Jesus Christ spent much time in Nazareth and Capernaum in Galilee. These were Aramaic villages. Hebrew was the language used by Pharisees, Sadducees, and scribes. This means it was probably spoken in synagogues.

We must also note that Greek was the international language at that time. For example, his conversations with Pontius Pilate were in Greek.

[You can read here my article on online Biblical Greek Courses.]

The King David's Tower
The King David’s Tower. Photo by Shalva Mamistvalov on Flickr.

Where Are Aramaic and Hebrew Spoken Today?

Aramaic in its several dialects is still spoken today. Many Syrian villages speak Western Neo-Aramaic. In addition, its Eastern and Mandaic forms are spoken in modern-day Iraq, Iran, Israel, Lebanon. A minor population of people who have migrated to Russia, Australia, and the United States also speak the language. As a whole, modern-day Aramaic has more than a million speakers.

Several churches have adopted Syriac, a form of Aramaic as their liturgical language. For example, Assyrian Church of the East, the Syriac Orthodox Church, The Chaldean Catholic Church, the Maronite Church, and many other Christian denominations in the East.

About nine million people speak Hebrew, five million of whom are Jews. Hebrew is the primary official language of Israel. It is also a recognized minority language in Poland. Jews in Argentina, Australia, Canada, Brazil, France, Panama, Germany, Gaza, the United Kingdom, the United States, etc. all speak Hebrew all over the world.

Famous Arameans and Hebrews in History

History is blessed with famous people from both Aramaic and Hebrew descent. A few examples are listed below:

· Ben- Hadad 1: Ben-Hadad 1 was king of Aram Damascus for 20 years, lasting from 885 BC to 865 BC. He was a contemporary of King Ahab of Israel. He is famous for helping Asa, King of Judah in attacking Northern Israel. Consequently, he gained control of the commercial route to southern Phoenicia at that time. This account is seen in 1 Kings 15: 20. Ben Hadad 2 succeeded him.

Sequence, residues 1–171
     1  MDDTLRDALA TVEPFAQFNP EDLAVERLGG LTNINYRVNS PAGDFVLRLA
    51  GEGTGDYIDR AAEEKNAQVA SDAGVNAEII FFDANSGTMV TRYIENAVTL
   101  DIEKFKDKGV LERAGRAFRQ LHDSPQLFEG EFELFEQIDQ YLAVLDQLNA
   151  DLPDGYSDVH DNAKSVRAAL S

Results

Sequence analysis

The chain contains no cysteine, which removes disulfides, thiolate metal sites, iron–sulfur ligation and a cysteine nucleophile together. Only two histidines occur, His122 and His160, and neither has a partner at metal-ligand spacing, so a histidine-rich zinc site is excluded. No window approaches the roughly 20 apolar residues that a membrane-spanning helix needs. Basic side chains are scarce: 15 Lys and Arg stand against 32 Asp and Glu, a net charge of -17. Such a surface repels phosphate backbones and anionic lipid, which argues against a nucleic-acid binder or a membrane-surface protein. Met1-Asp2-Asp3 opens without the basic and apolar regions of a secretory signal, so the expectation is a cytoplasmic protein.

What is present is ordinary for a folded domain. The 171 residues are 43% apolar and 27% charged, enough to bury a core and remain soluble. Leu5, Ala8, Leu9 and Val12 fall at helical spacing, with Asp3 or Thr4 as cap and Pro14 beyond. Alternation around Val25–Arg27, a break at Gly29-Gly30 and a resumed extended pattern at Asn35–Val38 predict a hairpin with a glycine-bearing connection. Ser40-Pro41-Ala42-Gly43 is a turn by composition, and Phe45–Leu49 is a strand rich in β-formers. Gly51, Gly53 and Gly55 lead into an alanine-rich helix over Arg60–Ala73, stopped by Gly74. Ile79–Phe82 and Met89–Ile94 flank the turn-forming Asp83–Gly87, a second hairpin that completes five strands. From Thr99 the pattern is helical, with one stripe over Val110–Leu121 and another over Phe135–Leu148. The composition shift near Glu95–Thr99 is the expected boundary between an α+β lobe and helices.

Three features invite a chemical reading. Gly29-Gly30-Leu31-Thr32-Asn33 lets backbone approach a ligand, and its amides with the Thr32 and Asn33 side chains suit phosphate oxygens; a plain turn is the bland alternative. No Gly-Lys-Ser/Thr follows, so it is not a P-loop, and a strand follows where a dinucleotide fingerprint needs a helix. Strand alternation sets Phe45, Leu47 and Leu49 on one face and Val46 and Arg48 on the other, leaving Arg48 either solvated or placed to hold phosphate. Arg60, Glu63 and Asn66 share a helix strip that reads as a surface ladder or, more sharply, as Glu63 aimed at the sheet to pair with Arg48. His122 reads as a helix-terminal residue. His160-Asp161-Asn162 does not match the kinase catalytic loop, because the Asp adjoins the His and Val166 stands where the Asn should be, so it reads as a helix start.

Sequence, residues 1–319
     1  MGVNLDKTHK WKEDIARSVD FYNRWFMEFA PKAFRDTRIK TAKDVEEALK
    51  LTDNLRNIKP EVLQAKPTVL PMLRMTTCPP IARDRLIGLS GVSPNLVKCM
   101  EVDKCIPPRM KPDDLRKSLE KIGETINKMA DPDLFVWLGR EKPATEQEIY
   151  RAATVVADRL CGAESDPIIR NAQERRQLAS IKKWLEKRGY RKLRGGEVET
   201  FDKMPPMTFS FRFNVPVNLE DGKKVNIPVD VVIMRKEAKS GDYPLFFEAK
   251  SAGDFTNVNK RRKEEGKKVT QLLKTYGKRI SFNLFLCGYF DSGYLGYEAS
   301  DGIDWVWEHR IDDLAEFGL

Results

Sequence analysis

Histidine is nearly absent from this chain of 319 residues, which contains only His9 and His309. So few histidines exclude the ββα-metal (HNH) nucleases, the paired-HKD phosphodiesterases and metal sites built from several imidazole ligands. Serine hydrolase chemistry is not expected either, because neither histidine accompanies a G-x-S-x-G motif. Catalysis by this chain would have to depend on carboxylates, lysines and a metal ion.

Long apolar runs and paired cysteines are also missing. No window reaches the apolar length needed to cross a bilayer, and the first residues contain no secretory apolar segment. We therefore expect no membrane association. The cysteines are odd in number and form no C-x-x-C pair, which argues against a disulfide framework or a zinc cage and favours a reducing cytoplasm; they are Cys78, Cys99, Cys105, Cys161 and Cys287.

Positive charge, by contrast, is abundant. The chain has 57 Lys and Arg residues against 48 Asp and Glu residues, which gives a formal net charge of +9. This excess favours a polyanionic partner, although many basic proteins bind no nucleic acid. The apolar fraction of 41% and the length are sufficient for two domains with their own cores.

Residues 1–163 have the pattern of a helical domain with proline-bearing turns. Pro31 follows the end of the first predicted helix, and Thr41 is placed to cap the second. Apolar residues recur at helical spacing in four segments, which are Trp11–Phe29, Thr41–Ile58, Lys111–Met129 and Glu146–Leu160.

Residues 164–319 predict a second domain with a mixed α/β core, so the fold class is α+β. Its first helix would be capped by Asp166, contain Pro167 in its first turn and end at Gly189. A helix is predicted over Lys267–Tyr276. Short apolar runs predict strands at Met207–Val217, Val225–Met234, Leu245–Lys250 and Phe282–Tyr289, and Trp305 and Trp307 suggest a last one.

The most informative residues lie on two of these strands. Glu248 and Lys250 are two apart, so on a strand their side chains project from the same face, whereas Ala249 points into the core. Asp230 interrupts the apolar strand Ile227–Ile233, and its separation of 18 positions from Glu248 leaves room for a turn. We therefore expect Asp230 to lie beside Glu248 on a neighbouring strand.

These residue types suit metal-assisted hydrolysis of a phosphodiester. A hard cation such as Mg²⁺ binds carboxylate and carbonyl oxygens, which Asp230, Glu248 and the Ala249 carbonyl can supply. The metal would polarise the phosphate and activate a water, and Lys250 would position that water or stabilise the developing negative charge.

· Laban: Laban lived in Paddan Aram in Mesopotamia.This account is seen in the Book of Genesis in the Hebrew Bible. Laban was Rebekah’s brother. Rebekah later became Isaac’s wife. She gave birth to Laban. When he was grown, he married Leah and Rachel, who were Laban’s daughters. An account in Genesis 31:47 sees Laban name a pillar “Jegarsahadutha” in his Aramean language, while Jacob names it “Galeed” in Hebrew.

· Moses: The prophet Moses was a central figure in Jewish history. With his brother Aaron, he led the people of Israel out of slavery from Egypt across the Red Sea. They had to wander through the desert for 40 years before getting to the Promised Land. He wrote down the Ten Commandments on tablets when he was on Mount Sinai. As a major figure of the Prophets and Torah, Moses constantly communicated directly with God. He died very old, at the age of 120 on Mount Nebo. Moses is also an important figure in Islam.

· Eliezer Ben-Yehuda: Ben-Yehuda was a Hebrew Lexicographer and a newspaper editor who led the revival of Hebrew as the official language of the Jews during the Zionist Movement. He is often referred to as the father of Modern Hebrew. In 1861, three years after being born, Eliezer already began studying Hebrew until it became an obsession. He immigrated to Palestine in 1881 and became a teacher there. Subsequently, he championed the creation of a Committee of Hebrew language. By 1910, he had begun publication of the Modern Hebrew dictionary. He died in 1922 but his efforts remain cherished in history.

Connecting the Dots

Aramaic and Hebrew are two Semitic languages that governed ancient empires. Having the same roots, these languages have influenced each other. Hence, the importance of distinguishing them in every aspect. Their historical relationships had occasionally been a subject of dispute. However, this has become much clearer.

These languages have survived a dark period of oblivion and have persisted until the present day. As Holy languages of the Scriptures, Jesus spoke Aramaic but also understood Hebrew. Famous natives of both languages have influenced every human today in one way or the other. Learn more about Aramaic and Hebrew today.

Photos courtesy of Shalva Mamistvalov on Flickr